Study Design and Sampling

A prospective cross-sectional study was undertaken. Convenient sampling was used to select patients for the study before and after surgery. All patients 12 years and above diagnosed of unilateral or bilateral cataract who had been scheduled to undergo first eye cataract surgery were eligible for the study. Patients who were positive for previous cataract surgery, a diagnosis of glaucoma or any other significant retinopathy, psychological disorders and wheelchair bound were excluded from the study. Also, patients living in urban areas who had reported for surgery were excluded.

Data Collection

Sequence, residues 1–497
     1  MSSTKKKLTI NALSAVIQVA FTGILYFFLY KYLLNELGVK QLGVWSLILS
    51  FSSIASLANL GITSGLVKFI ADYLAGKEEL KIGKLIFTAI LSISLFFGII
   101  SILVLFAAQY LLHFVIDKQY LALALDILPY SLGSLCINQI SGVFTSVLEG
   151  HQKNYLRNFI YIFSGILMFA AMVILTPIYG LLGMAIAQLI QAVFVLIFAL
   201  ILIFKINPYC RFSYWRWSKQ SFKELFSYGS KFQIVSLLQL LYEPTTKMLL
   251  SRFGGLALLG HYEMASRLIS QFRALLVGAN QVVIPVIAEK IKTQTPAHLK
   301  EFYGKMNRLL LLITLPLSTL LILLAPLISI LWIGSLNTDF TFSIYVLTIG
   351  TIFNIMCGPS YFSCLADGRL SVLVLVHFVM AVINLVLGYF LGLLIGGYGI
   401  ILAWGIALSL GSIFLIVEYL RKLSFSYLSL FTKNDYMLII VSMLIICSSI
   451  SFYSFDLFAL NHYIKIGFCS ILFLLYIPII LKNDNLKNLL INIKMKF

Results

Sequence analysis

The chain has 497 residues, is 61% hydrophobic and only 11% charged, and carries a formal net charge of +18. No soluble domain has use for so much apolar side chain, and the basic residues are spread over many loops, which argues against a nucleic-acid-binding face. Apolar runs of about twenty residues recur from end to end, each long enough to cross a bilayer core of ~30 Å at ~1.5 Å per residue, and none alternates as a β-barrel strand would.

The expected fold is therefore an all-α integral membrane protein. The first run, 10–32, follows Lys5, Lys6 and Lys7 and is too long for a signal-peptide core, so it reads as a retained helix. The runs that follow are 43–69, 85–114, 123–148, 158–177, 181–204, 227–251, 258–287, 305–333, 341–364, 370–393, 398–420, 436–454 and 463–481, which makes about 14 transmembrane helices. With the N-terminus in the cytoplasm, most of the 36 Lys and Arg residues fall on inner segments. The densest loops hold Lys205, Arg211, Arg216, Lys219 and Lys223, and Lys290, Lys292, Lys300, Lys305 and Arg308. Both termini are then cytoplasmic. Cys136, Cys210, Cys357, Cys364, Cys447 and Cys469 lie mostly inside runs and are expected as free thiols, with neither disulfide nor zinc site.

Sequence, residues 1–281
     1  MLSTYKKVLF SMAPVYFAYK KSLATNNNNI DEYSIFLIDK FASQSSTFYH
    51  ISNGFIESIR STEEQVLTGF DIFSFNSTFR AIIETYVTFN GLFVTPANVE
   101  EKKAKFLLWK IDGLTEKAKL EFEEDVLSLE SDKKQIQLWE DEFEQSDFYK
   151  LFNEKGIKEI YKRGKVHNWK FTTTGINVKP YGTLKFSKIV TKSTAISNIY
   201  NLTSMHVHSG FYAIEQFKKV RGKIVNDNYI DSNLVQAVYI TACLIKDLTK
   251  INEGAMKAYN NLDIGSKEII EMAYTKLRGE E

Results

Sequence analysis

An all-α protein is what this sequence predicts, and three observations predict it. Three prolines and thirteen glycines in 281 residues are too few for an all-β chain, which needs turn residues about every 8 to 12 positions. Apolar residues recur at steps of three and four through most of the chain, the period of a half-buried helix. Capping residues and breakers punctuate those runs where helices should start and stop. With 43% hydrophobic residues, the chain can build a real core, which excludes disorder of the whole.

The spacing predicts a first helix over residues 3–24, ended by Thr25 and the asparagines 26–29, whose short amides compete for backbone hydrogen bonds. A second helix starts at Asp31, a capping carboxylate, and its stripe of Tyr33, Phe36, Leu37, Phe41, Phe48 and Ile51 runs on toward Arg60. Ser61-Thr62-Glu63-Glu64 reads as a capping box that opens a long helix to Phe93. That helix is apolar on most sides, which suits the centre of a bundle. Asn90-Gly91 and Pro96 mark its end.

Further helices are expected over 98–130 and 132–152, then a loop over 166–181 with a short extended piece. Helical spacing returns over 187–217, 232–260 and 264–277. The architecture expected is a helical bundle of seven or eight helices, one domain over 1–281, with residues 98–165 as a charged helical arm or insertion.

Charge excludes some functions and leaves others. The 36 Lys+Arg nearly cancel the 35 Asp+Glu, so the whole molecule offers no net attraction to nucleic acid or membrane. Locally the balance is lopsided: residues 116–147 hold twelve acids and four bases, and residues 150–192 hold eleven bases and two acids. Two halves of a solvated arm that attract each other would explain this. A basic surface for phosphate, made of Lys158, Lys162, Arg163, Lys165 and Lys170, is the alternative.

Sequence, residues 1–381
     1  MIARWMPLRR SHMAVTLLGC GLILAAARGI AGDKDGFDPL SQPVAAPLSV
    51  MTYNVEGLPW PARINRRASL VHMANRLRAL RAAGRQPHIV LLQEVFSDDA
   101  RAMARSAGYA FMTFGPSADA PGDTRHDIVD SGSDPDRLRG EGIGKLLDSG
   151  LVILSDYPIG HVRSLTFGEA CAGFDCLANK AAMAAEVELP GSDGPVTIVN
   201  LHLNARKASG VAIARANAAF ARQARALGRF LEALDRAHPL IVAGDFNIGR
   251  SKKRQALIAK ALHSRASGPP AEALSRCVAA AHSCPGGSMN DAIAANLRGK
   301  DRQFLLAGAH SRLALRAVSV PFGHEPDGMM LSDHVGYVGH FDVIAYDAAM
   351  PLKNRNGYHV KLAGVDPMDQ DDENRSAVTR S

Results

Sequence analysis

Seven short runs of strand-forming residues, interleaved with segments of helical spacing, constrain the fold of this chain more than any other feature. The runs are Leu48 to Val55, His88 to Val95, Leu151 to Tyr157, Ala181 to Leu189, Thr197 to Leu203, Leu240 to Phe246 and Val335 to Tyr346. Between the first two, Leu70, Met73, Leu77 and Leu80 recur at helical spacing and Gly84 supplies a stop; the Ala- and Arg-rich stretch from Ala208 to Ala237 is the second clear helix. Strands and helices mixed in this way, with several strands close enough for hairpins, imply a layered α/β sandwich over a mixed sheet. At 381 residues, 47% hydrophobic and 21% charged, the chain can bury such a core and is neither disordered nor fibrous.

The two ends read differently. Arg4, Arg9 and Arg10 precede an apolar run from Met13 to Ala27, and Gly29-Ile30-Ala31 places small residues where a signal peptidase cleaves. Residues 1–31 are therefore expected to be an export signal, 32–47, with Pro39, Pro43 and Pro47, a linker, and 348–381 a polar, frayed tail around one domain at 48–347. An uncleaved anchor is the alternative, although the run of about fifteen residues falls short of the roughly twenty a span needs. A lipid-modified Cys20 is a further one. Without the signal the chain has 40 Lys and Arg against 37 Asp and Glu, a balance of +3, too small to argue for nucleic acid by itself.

Participants were recruited between September 1, 2014 and October 1, 2014. Before any data was collected, informed consent was obtained from each participant. Participation was completely voluntary. We collected data at two time points; on the day of schedule for surgery (mostly a week before surgery) and then two months after surgery. Data was collected using a researcher-administered NEI VFQ- 25 questionnaire. The basis and design of this questionnaire have been described in full elsewhere [32]. The questionnaire was translated into the local Twi language and back translated into English by trained translators. Questions in each subscale that bordered activities not common in the study population were substituted with tasks embedded in the people’s culture with the same visual requirements. An additional question of how cataract had affected the participants’ lives in general was added. The questionnaire also sought to obtain demographic information bordering age, gender, educational level, marital status, employment status, living situation (alone or not alone), ethnicity, any prescription medications (no/ yes), other medical conditions and use of glasses after surgery (no/ yes). Visual acuity in the operated eye before and after surgery was measured using a Snellen chart at 6 metres. Scores were expressed in a Snellen fraction. All cataract surgeries were undertaken by extra-capsular cataract extraction by the same surgeon in all study areas.